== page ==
CHICAGO, IL — A Chicago police officer was recently fired for his alleged involvement in allowing an off-duty officer to leave the scene of an assault over 10 years ago.
On Dec. 17, the Chicago Police Board voted to fire Officer Jason Burg in an 8-to-1 decision even though a key witness died during the decade it took for the agency to get around to holding a disciplinary hearing, the Chicago Tribune reported.
Burg is alleged to have allowed a fellow officer, Chris Gofron, to leave the scene after being suspected of assaulting two people while off duty on June 26, 2010. The incident happened over 10 years ago outside an apartment complex near O’Hare International Airport, according to Chicago Tribune.
Police Board member John O’Malley was the only one who voted against dismissing Burg. He argued there was insufficient evidence to conclude the officer did anything wrong, let alone fire him, and called it “unconscionable” that city officials took so many years to bring disciplinary charges.
Angel De La Rosa, a key witness from the 2010 incident, died before he could be called to testify in Burg’s 2020 disciplinary hearing. Still, the board was able to fire Burg, a decision that rested heavily on the officer’s credibility, according to Chicago Tribune.
The newspaper noted the board allowed into evidence a deposition given by De La Rosa before he died. The deposition was part of a federal lawsuit, which was filed by the alleged victims of the attack.
The lawsuit against Burg and the off-duty officer ended in 2012 and resulted in a $160,000 payout to the victims, court records show. Gofron also resigned from the Chicago Police Department.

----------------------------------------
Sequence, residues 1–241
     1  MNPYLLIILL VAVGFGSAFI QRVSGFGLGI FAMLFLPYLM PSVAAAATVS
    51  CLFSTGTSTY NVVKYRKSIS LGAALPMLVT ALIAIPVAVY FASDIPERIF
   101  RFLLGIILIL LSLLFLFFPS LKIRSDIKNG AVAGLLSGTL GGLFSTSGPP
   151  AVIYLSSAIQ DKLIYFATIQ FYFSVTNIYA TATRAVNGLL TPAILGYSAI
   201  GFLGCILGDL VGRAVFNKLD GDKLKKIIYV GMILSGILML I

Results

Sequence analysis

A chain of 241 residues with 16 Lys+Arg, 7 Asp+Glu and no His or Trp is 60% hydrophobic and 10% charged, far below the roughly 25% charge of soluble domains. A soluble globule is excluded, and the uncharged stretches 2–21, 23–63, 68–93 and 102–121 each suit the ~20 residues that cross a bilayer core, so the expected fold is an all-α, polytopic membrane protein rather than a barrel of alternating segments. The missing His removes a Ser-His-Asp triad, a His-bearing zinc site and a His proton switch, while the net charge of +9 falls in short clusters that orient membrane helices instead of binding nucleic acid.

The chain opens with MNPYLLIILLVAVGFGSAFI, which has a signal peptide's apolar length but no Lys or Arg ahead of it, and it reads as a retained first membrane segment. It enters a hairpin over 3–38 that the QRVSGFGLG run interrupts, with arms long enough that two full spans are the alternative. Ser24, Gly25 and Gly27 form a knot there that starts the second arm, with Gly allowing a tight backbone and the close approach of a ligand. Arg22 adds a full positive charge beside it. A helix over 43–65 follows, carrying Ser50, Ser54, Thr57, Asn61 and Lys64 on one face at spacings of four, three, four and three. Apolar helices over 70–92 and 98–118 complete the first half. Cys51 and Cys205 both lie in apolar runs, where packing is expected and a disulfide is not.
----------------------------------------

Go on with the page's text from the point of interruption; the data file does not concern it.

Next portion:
Somehow she thinks the City of Chicago paying out millions for police misconduct is affecting their behavior…it's not.— Anne McCarthy (@AM_McCarthy) December 19, 2020
The eight board members who voted in favor of firing Burg found him guilty of violating several Chicago Police Department rules, according to Chicago Tribune’s report.
Board members also said he wrongly allowed Gofron to leave the scene of the assaults without arresting him or taking down his information. They also noted that Burg then made “false representations” to the now-defunct Independent Police Review Authority, which investigated the case.
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In its 27-page written decision, the board also ruled Burg falsely indicated in a police report that the assault suspect was not known.
According to the board’s report, the 2010 incident began when Burg responded to a disturbance call involving Gofron, who attacked Heather Rzany and her then-boyfriend, Luis Cordero, as they were walking through a picnic area.
Gofron was in a truck with De La Rosa and allegedly yelled at the couple to leave. He stumbled out of the truck while holding a beer bottle, screamed at the couple, took out his badge and then retrieved his gun from inside the vehicle.
Gofron then allegedly attacked the male with the butt of his gun and chased the female and grabbed her by the neck and placed his gun in her mouth. Gofron also struck her hand.
Rzany testified that Burg allowed Gofron to leave the scene, and the board wrote that it found her to be credible and convincing:
“Her demeanor throughout her testimony was singularly serious and self-contained. She did not waiver in her recollection of what was clearly a traumatic experience for her and Mr. Cordero.”